Bethel Park rises to the top in football | High School Sports

Bethel Park has gone from rags to riches on the football field under head coach Brian DeLallo.

After suffering through a winless season (0-7) during the autumn of 2020, the Black Hawks are ranked No. 1 in Class 5A of the WPIAL and No. 5 in the state after their impressive win against rival Upper St. Clair, 27-14, on Oct. 7. The Panthers entered the game undefeated and as the top squad in the region.

But, the Black Hawks handled their fierce foe the old-fashioned way. They dominated the line of scrimmage and time of possession while quietly taking advantage of every opportunity presented to them.

“We talk with our pads,” said DeLallo. “This was a great, 12-round title fight but there is a great chance we’ll see that team again.

“Now, we have the target on our backs. The No. 1 ranking and we are going to get everybody’s best now.”

With the win against USC, BP ​​moved into sole possession of first place in the Allegheny Six Conference. The Hawks, like USC and Peters Township, were 6-1 overall heading into Week 8.

The Hawks had games against winless Moon and South Fayette (1-1, 4-3) before hosting Peters Township at 7 pm Oct. 28 in what could be the battle for the conference title.

“You can’t underestimate anybody in this league,” cautioned DeLallo, recalling last year’s 30-0 loss to the Tigers. “We have respect for all programs and won’t take anybody lightly.”

Ryan Petras agrees. A two-way starter, he opened and closed the scoring against USC with a 6-yard rush at 5:46 in the first frame and a 33-yard reception from Tanner Pfeuffer with 9:56 to play in the fourth quarter. Petras also had an interception on USC’s penultimate possession.

“This definitely was a statement game and it gives us momentum, but we have to take it one game at a time,” Petras said.

According to DeLallo, Petras is the “lightning” while seniors Austin Caye and Gavin Moul are the “thunder” on the club. Petras, who is the team’s receptions leader, had 62 yards rushing against USC for an 8.9-yard average but Caye was the workhorse behind the blocking of Moul and a powerful offensive line.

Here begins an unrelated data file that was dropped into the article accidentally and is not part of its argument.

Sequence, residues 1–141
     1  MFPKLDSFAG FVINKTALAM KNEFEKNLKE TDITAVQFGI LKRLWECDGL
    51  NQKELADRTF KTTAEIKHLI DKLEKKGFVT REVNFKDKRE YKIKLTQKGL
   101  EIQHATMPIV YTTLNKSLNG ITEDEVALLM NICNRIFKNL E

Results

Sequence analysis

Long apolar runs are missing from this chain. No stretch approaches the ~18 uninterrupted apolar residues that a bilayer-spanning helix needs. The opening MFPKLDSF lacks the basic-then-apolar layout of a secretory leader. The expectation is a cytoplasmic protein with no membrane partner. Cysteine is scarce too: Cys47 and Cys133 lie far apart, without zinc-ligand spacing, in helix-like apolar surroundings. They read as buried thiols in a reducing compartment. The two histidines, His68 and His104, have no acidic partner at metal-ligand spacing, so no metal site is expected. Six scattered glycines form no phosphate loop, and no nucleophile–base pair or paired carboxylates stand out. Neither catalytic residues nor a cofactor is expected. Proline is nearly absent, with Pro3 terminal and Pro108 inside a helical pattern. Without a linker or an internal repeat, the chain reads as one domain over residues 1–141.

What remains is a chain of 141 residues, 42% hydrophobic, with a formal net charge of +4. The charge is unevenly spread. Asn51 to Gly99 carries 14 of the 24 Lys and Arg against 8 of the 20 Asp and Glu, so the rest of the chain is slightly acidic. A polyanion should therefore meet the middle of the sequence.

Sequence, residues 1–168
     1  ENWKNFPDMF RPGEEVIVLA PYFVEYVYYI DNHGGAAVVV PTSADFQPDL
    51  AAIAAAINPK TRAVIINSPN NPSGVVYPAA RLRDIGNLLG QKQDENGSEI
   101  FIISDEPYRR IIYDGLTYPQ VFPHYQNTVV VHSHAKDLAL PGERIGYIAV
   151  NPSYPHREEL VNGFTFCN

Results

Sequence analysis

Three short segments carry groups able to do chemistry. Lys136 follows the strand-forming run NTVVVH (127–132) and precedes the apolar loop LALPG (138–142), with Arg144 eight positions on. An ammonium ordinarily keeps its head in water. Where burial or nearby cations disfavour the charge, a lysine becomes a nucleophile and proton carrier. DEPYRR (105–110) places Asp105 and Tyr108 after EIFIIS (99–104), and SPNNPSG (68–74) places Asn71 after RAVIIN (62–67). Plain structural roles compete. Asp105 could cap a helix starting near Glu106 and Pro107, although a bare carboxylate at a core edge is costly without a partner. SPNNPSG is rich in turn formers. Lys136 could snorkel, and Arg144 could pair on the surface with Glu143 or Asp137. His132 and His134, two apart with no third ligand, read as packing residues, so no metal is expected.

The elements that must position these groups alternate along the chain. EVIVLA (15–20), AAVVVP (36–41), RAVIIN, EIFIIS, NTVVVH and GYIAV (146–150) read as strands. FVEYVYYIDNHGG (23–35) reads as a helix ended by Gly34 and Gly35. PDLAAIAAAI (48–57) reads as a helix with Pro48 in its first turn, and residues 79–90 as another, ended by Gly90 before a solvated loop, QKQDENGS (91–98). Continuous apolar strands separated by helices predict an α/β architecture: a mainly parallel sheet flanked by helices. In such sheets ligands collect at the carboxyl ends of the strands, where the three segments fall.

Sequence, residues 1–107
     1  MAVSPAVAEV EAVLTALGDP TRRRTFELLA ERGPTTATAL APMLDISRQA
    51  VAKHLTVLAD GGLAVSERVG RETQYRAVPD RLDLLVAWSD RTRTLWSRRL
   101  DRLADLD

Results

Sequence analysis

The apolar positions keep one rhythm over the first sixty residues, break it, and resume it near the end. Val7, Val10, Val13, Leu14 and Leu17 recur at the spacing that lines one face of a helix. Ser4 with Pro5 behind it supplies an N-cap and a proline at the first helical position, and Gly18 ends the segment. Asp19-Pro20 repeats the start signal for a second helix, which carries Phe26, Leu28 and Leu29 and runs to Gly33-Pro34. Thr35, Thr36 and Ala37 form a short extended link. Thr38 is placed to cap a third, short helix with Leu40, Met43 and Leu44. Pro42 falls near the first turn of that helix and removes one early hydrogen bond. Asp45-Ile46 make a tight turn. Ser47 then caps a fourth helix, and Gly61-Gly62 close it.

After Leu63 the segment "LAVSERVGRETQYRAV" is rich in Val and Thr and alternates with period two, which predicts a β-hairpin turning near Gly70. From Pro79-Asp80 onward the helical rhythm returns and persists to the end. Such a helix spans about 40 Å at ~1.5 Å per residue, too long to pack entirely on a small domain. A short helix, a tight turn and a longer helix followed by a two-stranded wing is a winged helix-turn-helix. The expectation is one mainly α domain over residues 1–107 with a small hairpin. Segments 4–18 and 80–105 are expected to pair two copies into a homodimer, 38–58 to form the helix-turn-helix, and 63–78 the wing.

Caye leads the BP ground attack, ahead of Moul. Against USC, Caye gobbled up 180 of BP’s 259 rushing yards on 37 carries. He scored on a 3-yard plunge, giving the Hawks a 20-14 advantage at halftime.

“Ryan’s an explosive kid. A threat to take the ball to the end zone any time he touches it,” said DeLallo. “Austin’s a warrior.

“We have players that are so talented and so smart and that allows us to move guys all around in different spots and makes us difficult to defend.”

Because of its offensive line, BP doesn’t spend much time on defense. For example, against USC, the Hawks owned time of possession, 33:09 to 14:45.

Center Logan Pettigrew, guards Braedon Del Duca and Tobias D’Andrea, tackles Sam Sciullo and Jake Brown along with tight end Aidan Currie dominated the line of scrimmage.

“The line and the line coaches are like family. They are a team within a team,” DeLallo said.

“Our offensive line has been there all year. They are not the biggest, but they get off the ball quickly and they play hard. They are really smart and have that cohesiveness that you need to have on an offensive line to be successful. As a unit they are playing so well right now. They deserve recognition.”

BP’s defense deserves props, too. For example, Moul forced a fumble that Currie recovered, stopping a potential Panther score and igniting the Hawks’ first offensive possession. Dinari Clacks also recovered a USC fumble.

The BP defense spearheaded in part by linemen Clancy Orie, Santino LaMolinare, Sciullo and Del Duca, possessed a potent front for the Panthers to penetrate. Jermiah Hamilton, Blake Striegel, Kaden Wetzel and Jaden Polombine also contributed on defense.

USC gained only 106 yards rushing and 109 yards passing, 53 of them coming on a scoring strike from Julian Dahlem to Aidan Besselman with 16 seconds left in the first quarter. Cody Marn also pulled in a 20-yard TD reception from Dahlem with four seconds left in the first half.

While the Hawks are averaging 28.3 points per game, their defense is limiting opponents to 17.3 points.

The Hawks are a well-oiled and tested club because they have played one of the toughest non-conference schedules in the WPIAL. BP owns wins against Class 6A opponents Mt. Lebanon and Canon-McMillan as well as North Hills and Penn Hills. The lone loss was to Central Catholic, 31-22.

“Our strong non-conference schedule is manifesting itself in physical games against physical opponents that we are playing. Plus, we’ve also seen adversity. Those lessons learned have helped us get to this point,” DeLallo said.

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